Synopsis by Mark Deming
Eight youngsters vie for one of the most hotly contested academic awards in the United States in this documentary. Every spring, the Scripps Howard National Spelling Bee attracts students from all over the United States, and filmmaker Jeff Blitz follows eight promising entrants as they journey to Washington, D.C., in hopes of claiming the national championship and a 10,000-dollar prize. Neil Kadakia, from California, has spent months training for the event with the help of his parents, computer tutorials, and professional coaches. Angela Arenivar grew up in a small Texas town with her parents, who immigrated to America from Mexico; Angela's skills as a speller are self-taught, a remarkable achievement since her parents speak English only with great difficulty. Nupur Lala is determined to go to the finals in the 1999 competition, even though three boys from her Florida Junior High are determined to stop her. Ted Brigham grew up in a rural Missouri community where his intelligence has made him stick out like a sore thumb; both Ted and his teachers hope the National Spelling Bee will give him a chance to prove his gifts to his peers. Ashley White lives in a housing project in Washington, D.C., and has risen to the spelling championships largely through the help of her teachers and her own determination. April DeGideo comes from a low-income family in Pennsylvania and is determined to use the Spelling Bee as a stepping stone to a better life. Emily Stagg comes from a wealthy Connecticut family and manages to squeeze her study for the Spelling Bee in between riding lessons and practicing with her choral group. And Harry Altman, from New Jersey, wavers between joy and agony as he makes his way through the competition. Spellbound won the Jury Prize for Best Documentary at the 2003 South by Southwest Film Festival, and received a nomination in the same category at the 2003 Academy Awards.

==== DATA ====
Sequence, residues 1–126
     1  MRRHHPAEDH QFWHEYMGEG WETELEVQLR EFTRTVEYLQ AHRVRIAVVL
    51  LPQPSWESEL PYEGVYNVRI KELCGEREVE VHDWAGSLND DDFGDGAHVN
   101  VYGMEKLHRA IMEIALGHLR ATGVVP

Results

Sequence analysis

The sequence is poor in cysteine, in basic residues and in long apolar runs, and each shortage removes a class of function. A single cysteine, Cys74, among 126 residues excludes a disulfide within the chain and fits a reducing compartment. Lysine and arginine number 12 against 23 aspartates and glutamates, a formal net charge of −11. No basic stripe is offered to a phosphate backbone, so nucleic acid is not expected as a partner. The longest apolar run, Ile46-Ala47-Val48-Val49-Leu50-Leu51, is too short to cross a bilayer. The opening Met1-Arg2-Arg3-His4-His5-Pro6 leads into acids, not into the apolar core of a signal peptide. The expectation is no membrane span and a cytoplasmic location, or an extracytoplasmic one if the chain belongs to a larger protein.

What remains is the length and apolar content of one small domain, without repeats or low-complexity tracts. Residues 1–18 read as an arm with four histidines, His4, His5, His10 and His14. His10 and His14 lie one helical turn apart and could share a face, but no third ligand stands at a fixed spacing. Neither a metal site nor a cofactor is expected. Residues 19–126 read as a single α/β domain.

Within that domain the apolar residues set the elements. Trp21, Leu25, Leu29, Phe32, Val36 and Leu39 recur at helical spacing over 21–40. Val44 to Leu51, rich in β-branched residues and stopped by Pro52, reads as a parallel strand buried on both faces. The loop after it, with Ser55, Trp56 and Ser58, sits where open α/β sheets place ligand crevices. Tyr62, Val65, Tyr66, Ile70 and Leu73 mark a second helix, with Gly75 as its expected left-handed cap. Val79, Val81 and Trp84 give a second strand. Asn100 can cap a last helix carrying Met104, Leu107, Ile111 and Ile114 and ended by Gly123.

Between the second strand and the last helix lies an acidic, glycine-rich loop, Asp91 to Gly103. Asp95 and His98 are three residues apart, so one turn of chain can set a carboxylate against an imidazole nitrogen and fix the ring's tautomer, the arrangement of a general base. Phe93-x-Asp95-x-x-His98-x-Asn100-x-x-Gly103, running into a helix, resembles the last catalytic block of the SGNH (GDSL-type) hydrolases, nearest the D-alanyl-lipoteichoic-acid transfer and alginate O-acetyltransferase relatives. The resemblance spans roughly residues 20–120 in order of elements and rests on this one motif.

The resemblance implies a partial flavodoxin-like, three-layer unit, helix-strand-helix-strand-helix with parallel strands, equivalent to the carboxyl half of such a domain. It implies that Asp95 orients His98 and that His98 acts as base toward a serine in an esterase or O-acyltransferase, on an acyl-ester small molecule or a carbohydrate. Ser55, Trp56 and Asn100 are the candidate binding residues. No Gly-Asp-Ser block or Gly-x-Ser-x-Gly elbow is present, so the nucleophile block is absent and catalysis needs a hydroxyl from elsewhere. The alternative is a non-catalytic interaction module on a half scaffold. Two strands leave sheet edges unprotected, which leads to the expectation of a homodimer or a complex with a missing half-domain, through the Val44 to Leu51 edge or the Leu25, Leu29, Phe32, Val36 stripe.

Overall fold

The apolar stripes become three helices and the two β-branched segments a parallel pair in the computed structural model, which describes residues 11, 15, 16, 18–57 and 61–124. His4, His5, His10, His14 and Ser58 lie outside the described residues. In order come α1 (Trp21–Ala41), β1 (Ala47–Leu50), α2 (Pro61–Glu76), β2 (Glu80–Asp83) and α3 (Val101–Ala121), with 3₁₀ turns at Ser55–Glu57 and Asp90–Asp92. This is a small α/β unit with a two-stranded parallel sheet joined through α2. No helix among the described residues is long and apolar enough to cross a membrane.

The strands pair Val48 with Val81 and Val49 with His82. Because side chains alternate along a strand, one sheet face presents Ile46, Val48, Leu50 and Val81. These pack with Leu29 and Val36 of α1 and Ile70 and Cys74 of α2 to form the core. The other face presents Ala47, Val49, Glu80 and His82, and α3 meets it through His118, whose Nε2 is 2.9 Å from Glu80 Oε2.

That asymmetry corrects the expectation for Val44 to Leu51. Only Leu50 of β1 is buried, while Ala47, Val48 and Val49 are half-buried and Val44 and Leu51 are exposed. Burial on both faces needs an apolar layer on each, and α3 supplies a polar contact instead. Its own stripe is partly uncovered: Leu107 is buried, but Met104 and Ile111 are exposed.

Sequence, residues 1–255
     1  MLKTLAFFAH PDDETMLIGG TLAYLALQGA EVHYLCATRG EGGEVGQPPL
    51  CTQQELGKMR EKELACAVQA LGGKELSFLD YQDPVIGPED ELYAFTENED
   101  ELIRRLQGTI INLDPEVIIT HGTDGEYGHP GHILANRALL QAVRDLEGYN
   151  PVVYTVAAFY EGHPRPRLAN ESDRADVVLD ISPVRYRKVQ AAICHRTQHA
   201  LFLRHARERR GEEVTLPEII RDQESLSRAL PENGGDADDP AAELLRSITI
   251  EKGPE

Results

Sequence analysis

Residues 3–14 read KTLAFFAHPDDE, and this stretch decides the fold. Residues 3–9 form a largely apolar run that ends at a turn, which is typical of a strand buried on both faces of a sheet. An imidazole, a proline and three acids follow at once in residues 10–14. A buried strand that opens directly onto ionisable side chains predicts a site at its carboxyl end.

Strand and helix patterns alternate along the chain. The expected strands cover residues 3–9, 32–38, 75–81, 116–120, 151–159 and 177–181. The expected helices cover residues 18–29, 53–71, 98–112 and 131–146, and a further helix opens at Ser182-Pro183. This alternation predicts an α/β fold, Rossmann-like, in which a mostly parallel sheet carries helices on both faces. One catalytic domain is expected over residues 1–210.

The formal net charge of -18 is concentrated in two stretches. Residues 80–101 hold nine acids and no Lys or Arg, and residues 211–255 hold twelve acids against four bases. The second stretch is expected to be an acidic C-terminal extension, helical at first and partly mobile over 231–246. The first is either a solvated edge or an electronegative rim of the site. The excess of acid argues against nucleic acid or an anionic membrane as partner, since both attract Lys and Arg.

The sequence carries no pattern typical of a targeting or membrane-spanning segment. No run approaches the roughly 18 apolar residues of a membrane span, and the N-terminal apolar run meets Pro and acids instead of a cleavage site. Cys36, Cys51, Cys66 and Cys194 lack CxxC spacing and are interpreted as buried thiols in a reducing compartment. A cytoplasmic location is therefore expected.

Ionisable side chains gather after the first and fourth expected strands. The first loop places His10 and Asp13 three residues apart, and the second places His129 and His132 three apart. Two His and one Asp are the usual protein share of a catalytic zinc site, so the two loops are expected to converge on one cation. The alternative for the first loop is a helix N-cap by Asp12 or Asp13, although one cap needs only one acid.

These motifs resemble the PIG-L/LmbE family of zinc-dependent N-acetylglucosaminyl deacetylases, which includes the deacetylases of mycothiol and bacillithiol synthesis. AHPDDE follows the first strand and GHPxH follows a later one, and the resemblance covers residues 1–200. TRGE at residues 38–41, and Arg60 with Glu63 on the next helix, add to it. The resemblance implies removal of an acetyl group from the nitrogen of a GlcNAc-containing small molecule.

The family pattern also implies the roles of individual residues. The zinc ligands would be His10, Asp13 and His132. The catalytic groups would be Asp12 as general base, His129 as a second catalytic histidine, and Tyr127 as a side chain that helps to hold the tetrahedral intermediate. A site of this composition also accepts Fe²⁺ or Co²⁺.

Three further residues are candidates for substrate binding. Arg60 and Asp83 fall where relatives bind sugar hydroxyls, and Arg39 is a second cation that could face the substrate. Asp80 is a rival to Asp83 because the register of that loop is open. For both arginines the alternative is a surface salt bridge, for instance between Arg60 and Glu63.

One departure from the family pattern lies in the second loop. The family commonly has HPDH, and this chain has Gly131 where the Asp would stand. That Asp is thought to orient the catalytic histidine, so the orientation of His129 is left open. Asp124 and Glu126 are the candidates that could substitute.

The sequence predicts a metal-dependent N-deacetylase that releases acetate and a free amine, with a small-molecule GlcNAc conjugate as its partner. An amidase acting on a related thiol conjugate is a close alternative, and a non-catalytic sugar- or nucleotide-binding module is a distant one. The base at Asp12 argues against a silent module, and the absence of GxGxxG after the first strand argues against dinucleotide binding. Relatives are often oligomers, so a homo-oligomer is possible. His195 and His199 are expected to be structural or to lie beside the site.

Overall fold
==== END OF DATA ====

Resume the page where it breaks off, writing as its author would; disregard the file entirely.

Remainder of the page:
spelling-bee, competition, behind-the-scenes, spelling, schoolchildren